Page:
Primary school girls have long complained that their school uniforms prohibit them from moving freely, and it’s a problem that’s created yet another gender gap: participation discrepancies in physical activity between boys and girls.
According to a new University of Newcastle study, reported in the Sydney Morning Herald this week, that activity gap looks like this: Just 52 per cent of primary-aged girls are meeting recommendations for moderate to vigorous physical activity over a school day, compared with 70 per cent of boys.
Emma Kearney, an AFLW player and the 2017 Best & Fairest for the Western Bulldogs, told Girls Uniform Agenda that when she was in primary school, she felt it was: “A pain playing both footy and cricket in the dress.”
“I was always so excited when we had PE, because I could wear my PE uniform for the whole day,” she said. “In the PE uniform I wasn’t restricted when I played and I didn’t show my undies when I was bowling at cricket. I was always much happier when I could wear pants to school.”
Today, Kearney is a PE teacher and a WBBL player for the Melbourne Stars. She adds that she has seen the damage that enforced uniforms have had on many young girls.
“The uniforms are completely restrictive which discourages girls from being active, something that has been an ongoing issue for quite some time.”
For girls, already told in many ways that it’s “un-feminine” to be active and play sports, the clothing they’re being asked to wear every day is not making things any easier.
Despite a growing number of public schools changing their uniform regulations to be more gender neutral, several private schools continue to require girls to wear dresses and stockings that are restrictive, and boys to wear ties and button-up shirts.
In 2019, Queensland followed several other states making it mandatory to allow girls to wear pants in their state schools. New South Wales, Victoria, and Western Australia had previously changed its laws on the matter.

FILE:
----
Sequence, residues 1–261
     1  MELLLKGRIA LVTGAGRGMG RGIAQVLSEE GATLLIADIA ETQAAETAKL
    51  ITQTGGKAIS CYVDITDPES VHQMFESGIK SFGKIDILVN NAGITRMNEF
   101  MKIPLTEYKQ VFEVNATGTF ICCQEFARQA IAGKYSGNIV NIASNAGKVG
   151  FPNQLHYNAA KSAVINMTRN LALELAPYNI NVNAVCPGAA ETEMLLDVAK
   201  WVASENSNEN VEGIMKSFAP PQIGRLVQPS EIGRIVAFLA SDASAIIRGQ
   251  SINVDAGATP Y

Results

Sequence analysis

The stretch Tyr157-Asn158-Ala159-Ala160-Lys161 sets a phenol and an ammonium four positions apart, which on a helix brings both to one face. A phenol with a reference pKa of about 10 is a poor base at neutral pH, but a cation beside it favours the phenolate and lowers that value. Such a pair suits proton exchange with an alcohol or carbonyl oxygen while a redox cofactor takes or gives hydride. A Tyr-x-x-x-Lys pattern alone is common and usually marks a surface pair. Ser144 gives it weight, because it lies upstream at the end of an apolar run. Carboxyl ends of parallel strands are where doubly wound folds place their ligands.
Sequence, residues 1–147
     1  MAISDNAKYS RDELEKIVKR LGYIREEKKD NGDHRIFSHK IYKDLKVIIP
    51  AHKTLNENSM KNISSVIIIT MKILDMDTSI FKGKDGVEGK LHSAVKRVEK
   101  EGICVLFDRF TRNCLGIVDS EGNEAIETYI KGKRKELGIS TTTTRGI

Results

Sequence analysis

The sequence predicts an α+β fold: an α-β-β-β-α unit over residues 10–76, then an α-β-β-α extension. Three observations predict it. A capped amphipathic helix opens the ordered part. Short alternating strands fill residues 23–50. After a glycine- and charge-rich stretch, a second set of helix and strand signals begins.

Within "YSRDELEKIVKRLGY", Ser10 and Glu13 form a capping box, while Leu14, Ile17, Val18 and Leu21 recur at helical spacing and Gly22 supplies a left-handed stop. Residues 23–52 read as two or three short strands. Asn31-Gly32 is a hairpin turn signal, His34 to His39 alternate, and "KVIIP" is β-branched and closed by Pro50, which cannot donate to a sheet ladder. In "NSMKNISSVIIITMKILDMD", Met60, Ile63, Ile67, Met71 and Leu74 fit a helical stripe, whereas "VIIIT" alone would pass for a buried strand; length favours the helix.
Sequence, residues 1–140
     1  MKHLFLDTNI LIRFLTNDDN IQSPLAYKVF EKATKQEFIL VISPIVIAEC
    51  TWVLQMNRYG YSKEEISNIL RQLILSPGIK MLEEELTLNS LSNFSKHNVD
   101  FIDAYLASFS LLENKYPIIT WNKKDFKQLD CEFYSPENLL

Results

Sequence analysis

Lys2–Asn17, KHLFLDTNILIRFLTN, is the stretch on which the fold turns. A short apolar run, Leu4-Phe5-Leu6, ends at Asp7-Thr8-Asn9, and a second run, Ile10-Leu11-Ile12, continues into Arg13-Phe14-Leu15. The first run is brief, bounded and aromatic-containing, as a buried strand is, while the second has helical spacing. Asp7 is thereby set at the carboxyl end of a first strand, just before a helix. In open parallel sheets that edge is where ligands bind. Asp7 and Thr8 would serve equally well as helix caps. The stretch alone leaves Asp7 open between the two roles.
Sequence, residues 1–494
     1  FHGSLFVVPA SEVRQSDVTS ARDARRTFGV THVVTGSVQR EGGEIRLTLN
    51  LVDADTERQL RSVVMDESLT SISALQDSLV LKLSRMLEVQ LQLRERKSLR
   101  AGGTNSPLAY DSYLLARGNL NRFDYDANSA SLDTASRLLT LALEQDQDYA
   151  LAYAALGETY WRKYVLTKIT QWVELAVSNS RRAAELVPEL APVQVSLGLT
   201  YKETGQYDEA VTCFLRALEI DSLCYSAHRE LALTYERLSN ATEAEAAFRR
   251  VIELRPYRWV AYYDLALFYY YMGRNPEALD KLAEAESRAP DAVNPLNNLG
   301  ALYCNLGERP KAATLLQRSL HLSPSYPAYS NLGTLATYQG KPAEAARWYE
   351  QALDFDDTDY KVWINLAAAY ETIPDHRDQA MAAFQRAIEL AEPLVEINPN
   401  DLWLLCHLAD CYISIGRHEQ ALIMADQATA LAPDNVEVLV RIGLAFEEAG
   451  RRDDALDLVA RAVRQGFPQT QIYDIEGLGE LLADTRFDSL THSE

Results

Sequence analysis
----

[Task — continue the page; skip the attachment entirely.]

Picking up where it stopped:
The team from The University of Newcastle that released this study, hopes to give schools further impetus to re-evaluate gendered traditions regarding uniforms with an upcoming project to investigate that activity gap further.
The large-scale study will investigate whether primary school students are more active if they wear their sports uniforms.
Researchers plan to ask students at twelve schools across NSW to wear their sports uniform every day, while a control group of the same number will wear the normal uniform. Students’ fitness levels will then be tracked over a year, and their physical activity over the course of one week.
Lead researcher, Nicole McCarthy, told SMH’s education reporter, Jordan Baker, that public discourse on ‘ready to play’ is meaningless if the attire for children is not appropriate for such activities.
McCarthy, who is doing a PhD at the University of Newcastle, has assessed a number of school communities and found 78 per cent of parents and two-thirds of teachers are keen to support a policy that allow children to wear sports uniforms on a daily basis.
Principals, on the other hand, were not so enthusiastic. A mere 38 percent of them said they supported the idea.
She said that the biggest barrier is the around school image, formal occasions and the appropriateness of wearing more active-style uniforms. She said that while they understand the important to schools, expecially around idenity, it might be time to challenge uniform providers to make more attractive and smart looking sportswear.
In 2019, Plan International Australia Youth Activist, Milly Grestle penned a piece for Women’s Agenda, claiming that “we can combat typical gender roles by introducing gender neutral uniforms for all.”
“Uniforms have a huge impact on students – we’re forced to wear them, and see them all day long,” she wrote.
“Traditional uniforms are reinforcing traditional gender norms and expectations. When a kindergarten student can’t climb a tree, or a high schooler freezes in winter or isn’t comfortable playing sport at recess, simply because they ‘have to wear a dress to look nice,’ we clearly need to question our priorities.”
“While these issues may seem trivial for some, they fuel the gendered expectations we have all learnt – the belief that girls aren’t strong or shouldn’t be physical.”
Alex Lee, an ANU Student and 2018 Jasiri Trailblazer Fellow said that mandatory attires for people according to their genders emitted messages that were damaging for girls.
“When we tell girls to wear skirts rather than pants, we tell them: to sit rather than play; to watch rather than participate; to focus on how their bodies look rather than what they can do,” she said. “It makes sense for girls to choose what they wear- for the sake of their physical freedom, empowerment, and self-view.”
Greens Senator for NSW, Dr Mehreen Faruqi told Girls Uniform Agenda: “Girls should be able to play sports and be active without any barriers at school. Students of all genders should be able to choose what they wear to school, it’s really a no-brainer.”